‘You don’t have to all get on, or even like each other. But you do all have to be aligned to the same goals.’
What creates team performance and makes a team succeed?
On the eve of the 2016 Olympics, BBC Radio 4 interviewed Dave Brailsford, the coach who led the British cycling team to victory in two Olympics and produced two British winners of the Tour De France. In the interview, Mr. Brailsford was asked what single element has the biggest impact on the success of a team and overall team performance. His answer was ‘alignment’. He said, ‘you don’t have to all get on, or even like each other. But you do all have to be aligned to the same goals’. This applies to teams in organisations as well as in sport.
I decided to investigate how team alignment can be disrupted by the effects of negative mirroring, reducing the team’s effectiveness and hindering overall team performance.
What is mirroring and how is it helpful?
The mirroring I’m referring to is perhaps not what you think.
This kind of mirroring, S.H. Foulkes tells us, is a phenomenon that occurs in all teams. It’s an unconscious or non-conscious process where ‘a person sees himself, or part of himself reflected in the interactions of other group members. He sees them reacting in the way he does himself.’¹ What the individual sees may be an aspect of themselves that they like or dislike.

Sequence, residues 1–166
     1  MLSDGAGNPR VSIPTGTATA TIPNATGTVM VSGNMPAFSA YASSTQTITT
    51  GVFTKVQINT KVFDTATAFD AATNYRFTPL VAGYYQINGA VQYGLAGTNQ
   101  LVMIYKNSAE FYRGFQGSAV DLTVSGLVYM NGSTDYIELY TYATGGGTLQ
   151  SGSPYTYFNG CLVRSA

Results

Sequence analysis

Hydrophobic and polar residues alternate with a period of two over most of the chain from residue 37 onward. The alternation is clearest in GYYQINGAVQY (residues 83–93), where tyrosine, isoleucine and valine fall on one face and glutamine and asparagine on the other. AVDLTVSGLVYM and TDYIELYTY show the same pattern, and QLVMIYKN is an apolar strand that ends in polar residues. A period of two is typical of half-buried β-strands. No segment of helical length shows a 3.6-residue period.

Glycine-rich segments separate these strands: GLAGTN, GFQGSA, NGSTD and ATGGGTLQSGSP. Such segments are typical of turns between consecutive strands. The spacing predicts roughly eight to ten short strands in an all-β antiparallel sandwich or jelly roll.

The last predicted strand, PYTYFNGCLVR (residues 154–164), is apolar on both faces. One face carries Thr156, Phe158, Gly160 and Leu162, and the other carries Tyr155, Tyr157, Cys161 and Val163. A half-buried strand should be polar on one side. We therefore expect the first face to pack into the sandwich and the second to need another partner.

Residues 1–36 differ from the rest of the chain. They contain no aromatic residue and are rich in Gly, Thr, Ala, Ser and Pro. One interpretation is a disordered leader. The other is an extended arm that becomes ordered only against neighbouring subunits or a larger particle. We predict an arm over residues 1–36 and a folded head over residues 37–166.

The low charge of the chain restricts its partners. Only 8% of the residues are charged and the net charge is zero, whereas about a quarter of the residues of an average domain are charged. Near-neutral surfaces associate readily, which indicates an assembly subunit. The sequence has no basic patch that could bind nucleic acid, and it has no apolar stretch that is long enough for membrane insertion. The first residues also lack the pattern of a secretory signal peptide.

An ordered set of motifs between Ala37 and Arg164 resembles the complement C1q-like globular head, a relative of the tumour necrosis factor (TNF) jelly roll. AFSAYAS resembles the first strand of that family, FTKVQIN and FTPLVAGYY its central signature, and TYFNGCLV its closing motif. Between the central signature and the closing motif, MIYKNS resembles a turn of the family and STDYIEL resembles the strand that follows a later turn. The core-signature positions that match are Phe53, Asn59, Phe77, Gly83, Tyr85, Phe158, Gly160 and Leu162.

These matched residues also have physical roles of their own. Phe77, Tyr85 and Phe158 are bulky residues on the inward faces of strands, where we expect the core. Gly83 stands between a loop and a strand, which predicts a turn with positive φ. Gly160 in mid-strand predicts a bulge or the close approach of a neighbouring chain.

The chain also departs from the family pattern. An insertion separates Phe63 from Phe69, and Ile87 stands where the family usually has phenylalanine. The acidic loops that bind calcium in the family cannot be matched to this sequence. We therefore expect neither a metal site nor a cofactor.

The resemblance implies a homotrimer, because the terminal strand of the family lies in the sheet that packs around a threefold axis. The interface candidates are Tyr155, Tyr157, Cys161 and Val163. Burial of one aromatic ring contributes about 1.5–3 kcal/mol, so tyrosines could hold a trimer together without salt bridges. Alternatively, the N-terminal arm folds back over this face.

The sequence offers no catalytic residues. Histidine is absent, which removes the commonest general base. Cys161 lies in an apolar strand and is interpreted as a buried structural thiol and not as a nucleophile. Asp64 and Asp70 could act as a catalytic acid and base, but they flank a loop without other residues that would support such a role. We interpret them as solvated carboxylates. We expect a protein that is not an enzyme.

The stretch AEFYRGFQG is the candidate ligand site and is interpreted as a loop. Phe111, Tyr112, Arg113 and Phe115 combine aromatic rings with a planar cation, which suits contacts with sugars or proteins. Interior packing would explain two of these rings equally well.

Christine Thornton elaborates, ‘we non-consciously compare current encounters with previous [life] experiences, in order to make sense of them.’²
Mirroring is a central part of relating to others and is potentially helpful because it provides an individual with feedback, from watching others, which can help him adjust distorted perceptions of himself and change the way he interacts and improve his contribution to the team.
How does negative mirroring get in the way of team performance?
Whereas mirroring is a person’s experience of similarity in a group, negative mirroring is a denial of similarity. Here, an individual non-consciously sees an aspect of themselves that they dislike and are able to avoid recognising it because it’s not tolerable for them.
In teams, this can become problematic when the situation causes the individual to feel challenged or threatened. Feeling challenged in such an intolerable way can create feelings of anxiety, shame, and doubt and are often responded to in unhelpful and destructive ways, such as a defensiveness and obstructiveness. Negative mirroring processes are particularly powerful when they are played out publicly in a team.
Feeling challenged in such an intolerable way can create feelings of anxiety, shame, and doubt and are often responded to in unhelpful and destructive ways, such as defensiveness and obstructiveness.
How can negative mirroring be addressed in a team?
Team coaching can help the team and the individuals start to recognise the presence of such processes and help the individuals disentangle present reality from personal past in order to contribute more fully to the work of the team and it’s overall performance.
¹Foulkes, S.H. (1948). Introduction to Group Analytic Psychotherapy. Karnac
²Thornton, C. (2010). Group and team coaching. The essential guide. Routledge.